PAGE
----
Stars outside the Galaxies.
In the beginning of 1998 scientists for the first time discovered suns outside the galaxies. Billions of such individual stars seem to wander through the empty Universe. If these observations appear to be correct, than the astronomers have overlooked half of all stars until now.
The solitary suns transmit such little light that they cannot be observed not even by the largest telescopes. The rambling suns were traced when the telescope of La Palma was pointed to an 'empty' part of the Universe. The observers encountered gaseous remains of burnt-out stars; from the amount of burnt-out stars the quantity of suns behind the galaxies area was determined.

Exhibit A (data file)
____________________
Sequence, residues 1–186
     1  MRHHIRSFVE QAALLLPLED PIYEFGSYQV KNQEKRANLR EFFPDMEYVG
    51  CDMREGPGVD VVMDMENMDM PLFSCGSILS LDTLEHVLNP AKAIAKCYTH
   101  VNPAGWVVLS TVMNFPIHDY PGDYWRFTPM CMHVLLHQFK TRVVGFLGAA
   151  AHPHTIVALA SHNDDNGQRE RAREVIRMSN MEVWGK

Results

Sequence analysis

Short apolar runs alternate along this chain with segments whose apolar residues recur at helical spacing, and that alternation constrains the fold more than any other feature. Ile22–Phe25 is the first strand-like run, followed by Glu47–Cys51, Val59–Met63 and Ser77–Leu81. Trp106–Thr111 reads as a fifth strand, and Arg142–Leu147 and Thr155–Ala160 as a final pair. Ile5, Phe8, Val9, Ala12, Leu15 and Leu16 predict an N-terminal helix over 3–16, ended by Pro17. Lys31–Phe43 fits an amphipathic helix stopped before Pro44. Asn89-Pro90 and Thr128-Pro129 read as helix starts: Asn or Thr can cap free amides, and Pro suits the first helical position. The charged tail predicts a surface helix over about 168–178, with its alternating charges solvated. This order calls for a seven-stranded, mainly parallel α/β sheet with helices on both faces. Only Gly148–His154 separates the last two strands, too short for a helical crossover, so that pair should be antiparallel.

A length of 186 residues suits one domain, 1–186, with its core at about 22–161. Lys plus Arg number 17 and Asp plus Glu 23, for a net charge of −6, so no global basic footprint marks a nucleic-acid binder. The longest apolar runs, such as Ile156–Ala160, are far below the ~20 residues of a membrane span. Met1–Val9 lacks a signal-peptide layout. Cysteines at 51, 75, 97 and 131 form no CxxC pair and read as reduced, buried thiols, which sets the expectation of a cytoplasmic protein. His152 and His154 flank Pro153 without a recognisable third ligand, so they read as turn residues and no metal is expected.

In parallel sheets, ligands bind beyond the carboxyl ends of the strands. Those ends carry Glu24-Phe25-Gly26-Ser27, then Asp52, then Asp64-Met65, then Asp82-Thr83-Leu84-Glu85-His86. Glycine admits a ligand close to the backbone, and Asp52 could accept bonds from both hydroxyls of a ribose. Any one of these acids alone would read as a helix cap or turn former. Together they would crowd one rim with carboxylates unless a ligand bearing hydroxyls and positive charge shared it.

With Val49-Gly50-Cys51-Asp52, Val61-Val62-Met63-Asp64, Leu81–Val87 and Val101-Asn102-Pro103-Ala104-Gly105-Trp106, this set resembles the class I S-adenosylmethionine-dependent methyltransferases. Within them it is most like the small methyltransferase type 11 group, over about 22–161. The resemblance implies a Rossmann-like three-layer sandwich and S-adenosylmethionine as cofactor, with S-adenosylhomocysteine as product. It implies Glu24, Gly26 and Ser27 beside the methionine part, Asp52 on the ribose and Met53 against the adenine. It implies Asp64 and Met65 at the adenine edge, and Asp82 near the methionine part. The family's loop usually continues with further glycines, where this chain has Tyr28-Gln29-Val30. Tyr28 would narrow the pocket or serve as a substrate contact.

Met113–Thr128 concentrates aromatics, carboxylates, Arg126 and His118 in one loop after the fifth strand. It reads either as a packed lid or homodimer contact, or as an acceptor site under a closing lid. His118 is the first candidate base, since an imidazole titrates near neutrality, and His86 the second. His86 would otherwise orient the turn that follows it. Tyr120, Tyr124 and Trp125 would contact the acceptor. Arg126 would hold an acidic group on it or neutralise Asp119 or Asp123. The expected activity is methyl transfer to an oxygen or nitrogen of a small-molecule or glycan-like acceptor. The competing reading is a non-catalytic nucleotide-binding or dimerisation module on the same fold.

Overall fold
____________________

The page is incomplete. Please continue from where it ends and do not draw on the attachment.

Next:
These stars would be flung out by collisions between Galaxies, which occured repeatedly in the early period of the Universe. The discovery could mean that the Universe contains much more matter than accepted until now on the base of the Galaxies. Possibly new conclusions about the possible end of the Universe may be excepted now.